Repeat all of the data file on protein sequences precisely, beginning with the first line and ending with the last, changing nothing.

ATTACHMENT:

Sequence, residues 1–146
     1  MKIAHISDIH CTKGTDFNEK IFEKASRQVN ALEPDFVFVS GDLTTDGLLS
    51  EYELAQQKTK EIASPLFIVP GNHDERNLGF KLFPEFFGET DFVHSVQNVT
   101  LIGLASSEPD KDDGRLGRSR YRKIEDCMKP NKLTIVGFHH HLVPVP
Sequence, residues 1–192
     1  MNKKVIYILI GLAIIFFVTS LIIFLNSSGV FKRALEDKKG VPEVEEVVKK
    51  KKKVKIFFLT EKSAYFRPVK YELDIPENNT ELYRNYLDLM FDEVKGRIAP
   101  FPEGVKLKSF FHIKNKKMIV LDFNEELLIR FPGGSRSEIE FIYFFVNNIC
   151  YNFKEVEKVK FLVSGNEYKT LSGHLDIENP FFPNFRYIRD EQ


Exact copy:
Sequence, residues 1–146
     1  MKIAHISDIH CTKGTDFNEK IFEKASRQVN ALEPDFVFVS GDLTTDGLLS
    51  EYELAQQKTK EIASPLFIVP GNHDERNLGF KLFPEFFGET DFVHSVQNVT
   101  LIGLASSEPD KDDGRLGRSR YRKIEDCMKP NKLTIVGFHH HLVPVP
Sequence, residues 1–192
     1  MNKKVIYILI GLAIIFFVTS LIIFLNSSGV FKRALEDKKG VPEVEEVVKK
    51  KKKVKIFFLT EKSAYFRPVK YELDIPENNT ELYRNYLDLM FDEVKGRIAP
   101  FPEGVKLKSF FHIKNKKMIV LDFNEELLIR FPGGSRSEIE FIYFFVNNIC
   151  YNFKEVEKVK FLVSGNEYKT LSGHLDIENP FFPNFRYIRD EQ